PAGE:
By Jackie White
The song “For Good” from the musical Wicked is one of those songs that for me elicits automatic tears. It hits me in the soul in a sad, but good way. The song is about meeting someone in your life who by the very virtue of them stepping into your life, you have been changed for the better.
Do you have someone like that in your life? Someone, who found their way to you, and you are no longer the same since you met them. This person helped you to see the world in a different way. Maybe they inspired you to live a better life. Sometimes people walk right into your life and unbeknownst to you, they profoundly affect the way you will look at life or be in life from that time on.
Those people could be anyone. They could be someone who you have become close to over time or it could be a chance encounter. I believe these people cross our paths with a predestined plan from above. God has sent them to touch our world in such a profound way, we are no longer the same after meeting them. I want to focus on how this can play out in a positve manner, but obviously, some people affect our lives in a negative manner too.
When you look across anyone’s life, it is clear we all have people who have changed us for the good. It could be a teacher, a boss, a relative, a friend or maybe even a complete stranger. Whoever it was they somehow made a significant impact on your life. I’ve read stories of how this can play out. It might be the words a teacher said to a child that made them believe in themselves or as in my case, it was a friend, my best friend, who touched my heart in so many ways. Unfortunately, I didn’t realize how much until she was gone.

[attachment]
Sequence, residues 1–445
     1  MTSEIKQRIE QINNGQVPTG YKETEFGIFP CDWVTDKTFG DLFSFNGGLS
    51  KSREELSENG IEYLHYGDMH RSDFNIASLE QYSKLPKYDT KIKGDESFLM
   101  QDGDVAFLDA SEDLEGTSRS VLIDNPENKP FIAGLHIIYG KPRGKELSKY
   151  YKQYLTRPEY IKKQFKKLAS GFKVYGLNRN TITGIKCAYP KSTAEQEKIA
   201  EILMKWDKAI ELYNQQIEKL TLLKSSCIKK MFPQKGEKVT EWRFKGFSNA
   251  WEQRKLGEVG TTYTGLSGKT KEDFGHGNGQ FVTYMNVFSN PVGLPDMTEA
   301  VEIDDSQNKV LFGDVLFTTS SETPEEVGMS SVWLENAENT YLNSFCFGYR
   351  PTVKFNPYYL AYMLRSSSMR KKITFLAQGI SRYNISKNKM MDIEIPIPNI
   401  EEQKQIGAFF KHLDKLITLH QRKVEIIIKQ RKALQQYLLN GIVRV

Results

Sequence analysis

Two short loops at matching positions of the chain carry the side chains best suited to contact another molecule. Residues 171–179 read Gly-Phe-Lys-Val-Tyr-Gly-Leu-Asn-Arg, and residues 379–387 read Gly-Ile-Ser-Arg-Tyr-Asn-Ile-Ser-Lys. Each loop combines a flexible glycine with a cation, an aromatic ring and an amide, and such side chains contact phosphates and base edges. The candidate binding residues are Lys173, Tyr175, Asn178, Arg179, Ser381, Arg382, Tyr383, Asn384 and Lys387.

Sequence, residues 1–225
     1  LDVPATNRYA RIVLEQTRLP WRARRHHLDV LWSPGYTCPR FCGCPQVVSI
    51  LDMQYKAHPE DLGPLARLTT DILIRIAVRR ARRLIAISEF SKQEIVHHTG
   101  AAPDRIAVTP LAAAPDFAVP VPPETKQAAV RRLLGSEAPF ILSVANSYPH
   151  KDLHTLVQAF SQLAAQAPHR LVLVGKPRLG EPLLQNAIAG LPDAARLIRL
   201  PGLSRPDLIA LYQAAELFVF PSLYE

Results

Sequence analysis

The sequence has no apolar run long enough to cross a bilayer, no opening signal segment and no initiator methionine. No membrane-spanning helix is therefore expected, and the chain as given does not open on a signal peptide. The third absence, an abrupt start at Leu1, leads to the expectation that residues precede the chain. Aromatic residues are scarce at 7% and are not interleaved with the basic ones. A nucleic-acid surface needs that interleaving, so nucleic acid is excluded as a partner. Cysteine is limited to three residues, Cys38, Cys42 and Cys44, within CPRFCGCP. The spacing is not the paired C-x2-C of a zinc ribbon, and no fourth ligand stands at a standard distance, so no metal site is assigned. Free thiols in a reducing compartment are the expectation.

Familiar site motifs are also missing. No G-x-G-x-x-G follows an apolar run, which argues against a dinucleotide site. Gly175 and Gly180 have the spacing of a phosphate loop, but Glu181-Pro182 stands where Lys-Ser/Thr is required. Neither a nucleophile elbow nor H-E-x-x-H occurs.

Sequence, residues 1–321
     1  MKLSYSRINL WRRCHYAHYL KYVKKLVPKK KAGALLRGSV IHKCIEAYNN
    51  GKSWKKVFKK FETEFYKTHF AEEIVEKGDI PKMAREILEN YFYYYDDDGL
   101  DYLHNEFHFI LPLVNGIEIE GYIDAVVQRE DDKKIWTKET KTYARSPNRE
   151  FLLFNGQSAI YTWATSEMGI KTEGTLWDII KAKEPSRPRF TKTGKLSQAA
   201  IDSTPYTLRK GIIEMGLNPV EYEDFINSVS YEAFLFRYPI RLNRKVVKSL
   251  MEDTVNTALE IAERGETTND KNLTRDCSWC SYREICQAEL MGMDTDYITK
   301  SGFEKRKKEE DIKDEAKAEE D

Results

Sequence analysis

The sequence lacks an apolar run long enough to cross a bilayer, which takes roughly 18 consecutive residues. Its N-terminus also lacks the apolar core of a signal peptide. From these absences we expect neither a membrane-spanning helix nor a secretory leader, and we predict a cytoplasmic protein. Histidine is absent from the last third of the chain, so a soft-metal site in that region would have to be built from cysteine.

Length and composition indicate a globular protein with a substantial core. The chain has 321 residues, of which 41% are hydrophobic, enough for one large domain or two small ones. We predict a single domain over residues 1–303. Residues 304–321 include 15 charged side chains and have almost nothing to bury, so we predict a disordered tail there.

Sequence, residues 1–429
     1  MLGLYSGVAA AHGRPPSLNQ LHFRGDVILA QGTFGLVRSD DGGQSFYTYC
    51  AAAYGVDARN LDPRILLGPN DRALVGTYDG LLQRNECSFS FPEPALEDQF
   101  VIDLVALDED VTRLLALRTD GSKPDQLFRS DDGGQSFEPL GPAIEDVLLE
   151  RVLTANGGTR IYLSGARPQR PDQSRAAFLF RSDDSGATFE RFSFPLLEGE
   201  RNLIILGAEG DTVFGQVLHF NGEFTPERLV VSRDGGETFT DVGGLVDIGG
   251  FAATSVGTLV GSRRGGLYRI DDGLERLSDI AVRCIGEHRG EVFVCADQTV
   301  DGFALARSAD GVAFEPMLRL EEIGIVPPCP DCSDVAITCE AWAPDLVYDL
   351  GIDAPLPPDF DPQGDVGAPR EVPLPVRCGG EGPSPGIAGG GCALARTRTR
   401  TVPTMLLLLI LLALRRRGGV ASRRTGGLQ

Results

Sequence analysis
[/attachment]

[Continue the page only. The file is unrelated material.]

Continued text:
Her name was Theresa. I want to tell you about her because she was someone really special, and I think her story can affect you "For Good", too. I met her in high school when we sat next to each other freshman year. We decided we liked each other because we were both weird. She was totally preppy back in High School. Her flipped up collars, multiple turtlenecks and docksider shoes were classic Theresa. We laughed because she always wore too much blush and although she longed for huge 80’s hair she wore a very conservative bob cut. She was outgoing, kind, smart, resourceful and damn funny. She couldn’t dance, but suggested that if I taught her to dance, she’d teach me to cook. I thought that was an excellent plan!